• EnginoxEnginox Registered User Posts: 828 Member
    From what I understand, big public universities are the most likely places to find the so called "weed-out" classes. The reason for this seems to be money: student tuition alone does not cover the expenses of the university and the largest portion of funding for a public university comes from the taxpayers.

    It costs a lot of money to teach upper division classes, especially in the science and engineering fields. Many public universities will try to weed out as many students as they possibly can into less expensive to teach areas (fields where there's minimal investment in laboratory equipment and the like).

    In contrast, private institutions seem to have little to no weed out classes. Funding for private institutions comes primarily from endowments and alumni contributions. It makes no sense to a private university to have students dropping or failing classes; it's more beneficial to have that student graduate in the apportioned time so he or she can start sending donations back to the university. In fact, how often do you hear stories about people failing out of Harvard or Princeton? Just go look at the graduation rates for the top institutions: well over 80% in the vast majority of cases. Of course, this is the reason these top universities largely accept candidates that are more likely to graduate in time with a good academic record.

    How does that tie into the OP's situation? The OP currently attends UC Riverside and will soon attend UCLA, both public research universities in the bankrupt State of California. The OP already experienced a quarter that forced him or her to question whether or not to switch out of CS (does an intro class truly needs to be made that difficult?). Also, the OP is about to enter the 3rd year of the CS program, the point where the last hold-outs are shaken off the tree. I think it's about to get very challenging.

    I go back to my previous post: you obviously have the skills but your willpower is being affected. Sit down and reflect whether or not you can truly cope with not having a meaningful social life for the next 2 years. If you can, you will succeed; if you can't, switch your major.

    Right now you are in the very middle of your garbage ocean; 2 more years and you get to your promised land. The best part is that your true friends will be there with you. Decision time, partner.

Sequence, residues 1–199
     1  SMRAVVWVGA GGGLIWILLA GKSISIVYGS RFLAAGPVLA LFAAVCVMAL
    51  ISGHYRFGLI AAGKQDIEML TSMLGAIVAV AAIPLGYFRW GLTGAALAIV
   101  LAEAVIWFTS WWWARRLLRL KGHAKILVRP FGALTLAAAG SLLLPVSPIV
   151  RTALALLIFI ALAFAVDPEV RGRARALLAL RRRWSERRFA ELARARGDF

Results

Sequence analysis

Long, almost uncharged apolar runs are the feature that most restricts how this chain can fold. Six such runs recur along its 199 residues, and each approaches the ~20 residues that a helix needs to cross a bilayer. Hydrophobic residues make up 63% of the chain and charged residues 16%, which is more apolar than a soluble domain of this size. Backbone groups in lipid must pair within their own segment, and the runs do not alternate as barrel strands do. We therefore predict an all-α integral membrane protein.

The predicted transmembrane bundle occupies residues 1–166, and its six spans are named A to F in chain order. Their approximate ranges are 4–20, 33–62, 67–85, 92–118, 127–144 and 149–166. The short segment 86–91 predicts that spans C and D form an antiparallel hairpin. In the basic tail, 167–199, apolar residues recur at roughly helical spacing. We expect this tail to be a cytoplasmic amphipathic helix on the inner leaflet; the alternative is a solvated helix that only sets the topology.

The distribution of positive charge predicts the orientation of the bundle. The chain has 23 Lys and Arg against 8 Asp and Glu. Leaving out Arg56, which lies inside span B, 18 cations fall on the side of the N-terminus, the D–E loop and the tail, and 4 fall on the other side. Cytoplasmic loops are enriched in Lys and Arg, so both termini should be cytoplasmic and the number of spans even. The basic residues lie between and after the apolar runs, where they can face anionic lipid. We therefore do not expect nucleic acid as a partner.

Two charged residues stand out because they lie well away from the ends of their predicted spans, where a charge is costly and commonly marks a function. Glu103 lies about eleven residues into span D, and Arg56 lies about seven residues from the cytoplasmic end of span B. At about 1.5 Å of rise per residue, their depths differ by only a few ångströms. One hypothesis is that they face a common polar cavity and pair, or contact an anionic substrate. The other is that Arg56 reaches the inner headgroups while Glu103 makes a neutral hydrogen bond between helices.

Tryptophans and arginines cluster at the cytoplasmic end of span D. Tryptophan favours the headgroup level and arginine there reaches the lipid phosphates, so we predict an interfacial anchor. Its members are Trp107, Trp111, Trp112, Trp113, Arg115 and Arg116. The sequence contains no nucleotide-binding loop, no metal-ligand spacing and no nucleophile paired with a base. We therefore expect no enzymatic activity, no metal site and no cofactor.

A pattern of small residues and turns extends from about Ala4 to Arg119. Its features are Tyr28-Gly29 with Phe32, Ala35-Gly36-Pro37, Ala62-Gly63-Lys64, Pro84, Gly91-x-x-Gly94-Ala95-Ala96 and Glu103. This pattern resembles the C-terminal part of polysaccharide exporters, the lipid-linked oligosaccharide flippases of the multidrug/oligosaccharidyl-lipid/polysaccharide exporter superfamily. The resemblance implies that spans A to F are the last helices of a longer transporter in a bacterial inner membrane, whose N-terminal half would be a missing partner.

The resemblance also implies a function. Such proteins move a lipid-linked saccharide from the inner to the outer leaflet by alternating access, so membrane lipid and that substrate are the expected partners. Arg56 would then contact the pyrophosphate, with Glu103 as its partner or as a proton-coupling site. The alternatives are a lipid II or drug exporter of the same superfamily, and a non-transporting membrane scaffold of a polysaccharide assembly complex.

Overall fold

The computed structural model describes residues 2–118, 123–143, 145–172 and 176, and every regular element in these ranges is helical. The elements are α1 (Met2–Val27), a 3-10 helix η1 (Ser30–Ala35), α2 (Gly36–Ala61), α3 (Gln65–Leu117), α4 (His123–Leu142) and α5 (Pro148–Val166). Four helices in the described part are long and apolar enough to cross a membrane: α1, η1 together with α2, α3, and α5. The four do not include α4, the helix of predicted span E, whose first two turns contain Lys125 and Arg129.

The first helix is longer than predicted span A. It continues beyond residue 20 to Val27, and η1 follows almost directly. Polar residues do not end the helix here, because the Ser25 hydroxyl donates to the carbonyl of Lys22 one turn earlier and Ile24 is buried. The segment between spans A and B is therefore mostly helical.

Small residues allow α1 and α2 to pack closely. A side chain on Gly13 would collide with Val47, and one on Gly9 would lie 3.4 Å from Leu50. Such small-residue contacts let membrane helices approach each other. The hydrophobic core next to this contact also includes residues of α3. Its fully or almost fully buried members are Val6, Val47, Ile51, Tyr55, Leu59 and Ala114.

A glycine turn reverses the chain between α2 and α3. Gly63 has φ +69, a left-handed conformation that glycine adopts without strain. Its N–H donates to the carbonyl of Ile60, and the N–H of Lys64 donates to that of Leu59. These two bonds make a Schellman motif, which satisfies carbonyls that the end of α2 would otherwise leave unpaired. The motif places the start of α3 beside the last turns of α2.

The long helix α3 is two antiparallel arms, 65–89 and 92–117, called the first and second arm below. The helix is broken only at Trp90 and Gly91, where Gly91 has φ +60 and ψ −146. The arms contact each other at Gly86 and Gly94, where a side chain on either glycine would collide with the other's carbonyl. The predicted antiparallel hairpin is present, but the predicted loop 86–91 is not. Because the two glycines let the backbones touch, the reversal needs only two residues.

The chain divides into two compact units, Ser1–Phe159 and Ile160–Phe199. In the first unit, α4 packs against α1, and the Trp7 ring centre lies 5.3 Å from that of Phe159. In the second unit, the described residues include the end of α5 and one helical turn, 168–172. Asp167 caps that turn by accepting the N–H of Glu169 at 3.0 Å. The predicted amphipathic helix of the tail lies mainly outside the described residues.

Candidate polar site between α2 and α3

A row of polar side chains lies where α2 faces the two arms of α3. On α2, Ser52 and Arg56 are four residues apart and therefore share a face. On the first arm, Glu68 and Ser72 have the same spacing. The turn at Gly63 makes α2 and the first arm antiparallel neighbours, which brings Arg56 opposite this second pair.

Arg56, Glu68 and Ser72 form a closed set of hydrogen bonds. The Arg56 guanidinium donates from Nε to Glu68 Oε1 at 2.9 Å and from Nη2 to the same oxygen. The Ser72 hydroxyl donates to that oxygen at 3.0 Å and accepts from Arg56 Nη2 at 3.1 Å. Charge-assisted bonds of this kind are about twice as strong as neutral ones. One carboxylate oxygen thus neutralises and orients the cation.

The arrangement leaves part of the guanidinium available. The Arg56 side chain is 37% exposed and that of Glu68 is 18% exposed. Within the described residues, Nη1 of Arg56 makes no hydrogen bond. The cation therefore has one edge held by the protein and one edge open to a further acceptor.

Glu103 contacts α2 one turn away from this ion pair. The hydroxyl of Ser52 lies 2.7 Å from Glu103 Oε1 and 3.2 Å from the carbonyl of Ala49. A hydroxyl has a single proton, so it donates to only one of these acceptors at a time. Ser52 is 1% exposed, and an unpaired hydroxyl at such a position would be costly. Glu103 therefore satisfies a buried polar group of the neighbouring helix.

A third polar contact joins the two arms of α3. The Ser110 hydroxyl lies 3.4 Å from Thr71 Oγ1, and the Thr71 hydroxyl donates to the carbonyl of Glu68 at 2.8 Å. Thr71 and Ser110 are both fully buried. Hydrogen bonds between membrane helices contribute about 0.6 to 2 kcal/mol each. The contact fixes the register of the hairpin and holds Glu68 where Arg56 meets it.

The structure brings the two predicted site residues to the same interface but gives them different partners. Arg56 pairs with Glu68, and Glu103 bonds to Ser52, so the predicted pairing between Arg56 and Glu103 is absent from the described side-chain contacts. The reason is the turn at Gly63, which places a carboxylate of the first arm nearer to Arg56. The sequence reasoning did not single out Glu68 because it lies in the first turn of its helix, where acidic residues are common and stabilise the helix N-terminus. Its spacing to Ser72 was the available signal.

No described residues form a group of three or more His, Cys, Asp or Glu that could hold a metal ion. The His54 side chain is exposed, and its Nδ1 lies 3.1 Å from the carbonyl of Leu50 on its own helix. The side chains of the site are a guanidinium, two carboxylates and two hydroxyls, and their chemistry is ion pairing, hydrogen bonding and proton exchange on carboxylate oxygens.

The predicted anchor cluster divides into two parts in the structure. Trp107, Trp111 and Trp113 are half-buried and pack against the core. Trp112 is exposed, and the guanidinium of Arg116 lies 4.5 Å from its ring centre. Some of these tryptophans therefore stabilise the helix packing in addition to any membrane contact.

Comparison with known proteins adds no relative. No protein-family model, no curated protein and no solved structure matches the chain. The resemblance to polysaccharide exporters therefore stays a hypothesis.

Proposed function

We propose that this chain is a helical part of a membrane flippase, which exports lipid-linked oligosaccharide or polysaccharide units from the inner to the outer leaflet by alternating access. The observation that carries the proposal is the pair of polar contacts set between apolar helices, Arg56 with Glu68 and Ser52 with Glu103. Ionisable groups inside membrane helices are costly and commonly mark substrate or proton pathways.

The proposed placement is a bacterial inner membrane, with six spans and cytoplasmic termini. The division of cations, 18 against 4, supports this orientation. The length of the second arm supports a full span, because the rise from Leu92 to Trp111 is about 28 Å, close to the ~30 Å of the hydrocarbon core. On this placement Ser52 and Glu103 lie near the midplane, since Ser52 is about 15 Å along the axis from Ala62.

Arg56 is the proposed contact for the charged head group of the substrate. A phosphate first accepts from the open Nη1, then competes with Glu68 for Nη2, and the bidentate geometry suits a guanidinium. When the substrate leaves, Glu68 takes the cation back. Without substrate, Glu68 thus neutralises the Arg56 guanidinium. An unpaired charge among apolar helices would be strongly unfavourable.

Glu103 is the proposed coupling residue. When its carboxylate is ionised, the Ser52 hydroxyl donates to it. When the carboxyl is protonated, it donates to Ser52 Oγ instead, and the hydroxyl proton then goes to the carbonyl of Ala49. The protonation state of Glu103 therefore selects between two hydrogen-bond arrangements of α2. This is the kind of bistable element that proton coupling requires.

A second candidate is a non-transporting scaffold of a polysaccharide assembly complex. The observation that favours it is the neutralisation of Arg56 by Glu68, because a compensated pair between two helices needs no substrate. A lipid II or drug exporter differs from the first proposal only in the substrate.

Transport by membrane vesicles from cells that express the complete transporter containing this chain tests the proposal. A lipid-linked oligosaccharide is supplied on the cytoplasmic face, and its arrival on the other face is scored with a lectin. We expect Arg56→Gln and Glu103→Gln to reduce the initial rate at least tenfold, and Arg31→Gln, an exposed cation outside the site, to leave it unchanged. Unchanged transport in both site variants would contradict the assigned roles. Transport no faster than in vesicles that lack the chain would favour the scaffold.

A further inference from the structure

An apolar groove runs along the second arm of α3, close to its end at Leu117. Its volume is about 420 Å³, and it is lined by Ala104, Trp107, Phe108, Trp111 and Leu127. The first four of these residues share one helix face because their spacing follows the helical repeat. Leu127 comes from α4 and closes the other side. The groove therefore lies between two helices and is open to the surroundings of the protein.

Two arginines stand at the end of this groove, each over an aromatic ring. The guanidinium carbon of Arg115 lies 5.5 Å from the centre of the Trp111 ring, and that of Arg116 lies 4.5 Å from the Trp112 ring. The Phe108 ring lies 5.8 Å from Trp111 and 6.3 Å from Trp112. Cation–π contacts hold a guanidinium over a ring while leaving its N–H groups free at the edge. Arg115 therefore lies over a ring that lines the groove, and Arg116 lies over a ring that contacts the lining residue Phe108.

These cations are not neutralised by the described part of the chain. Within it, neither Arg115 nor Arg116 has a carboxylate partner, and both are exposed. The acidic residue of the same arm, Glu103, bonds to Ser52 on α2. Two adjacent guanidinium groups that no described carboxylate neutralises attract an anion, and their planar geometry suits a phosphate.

• arcadefire1027arcadefire1027 Registered User Posts: 1,827 Senior Member
    Well, it certainly is a tough decision. I initially went into Computer Science just because I had so much fun programming and was always at the top of my classes. I love math, I love solving puzzles, and I love programming. However, now I also wonder if computer science is something I want to do for a living. I fear that it might pigeonhole me into a specific, technical type of a job.

    UCLA offers this major called "Mathematics of Computation". The major is like 3/4 math and 1/4 computer science. I like it because it: a) is less time consuming (I find math infinitely less time consuming than computer science classes)
    and b) might leave me with more broad opportunities after graduation.

    On the other hand, I worry that my desire to switch is being colored by one very bad quarter, and I may regret the move later. On top of all those tough classes I listed, I was also training for a stressful new job. That quarter was unbearable.
  • AuburnMathTutorAuburnMathTutor Registered User Posts: 1,770 Senior Member
    ^ Normally I'd be very wary of doing something like that, but checking out the program, it looks like you could (though regrettably aren't made to) select a collection of courses that gives you a very thorough foundation in theoretical CS, scientific computing, and applications area. The program looks alright. It seems like a shame that they make you take analysis, though. And upper division linear algebra? These things are more on the "mathematics of" side than on the "computation" side.
This discussion has been closed.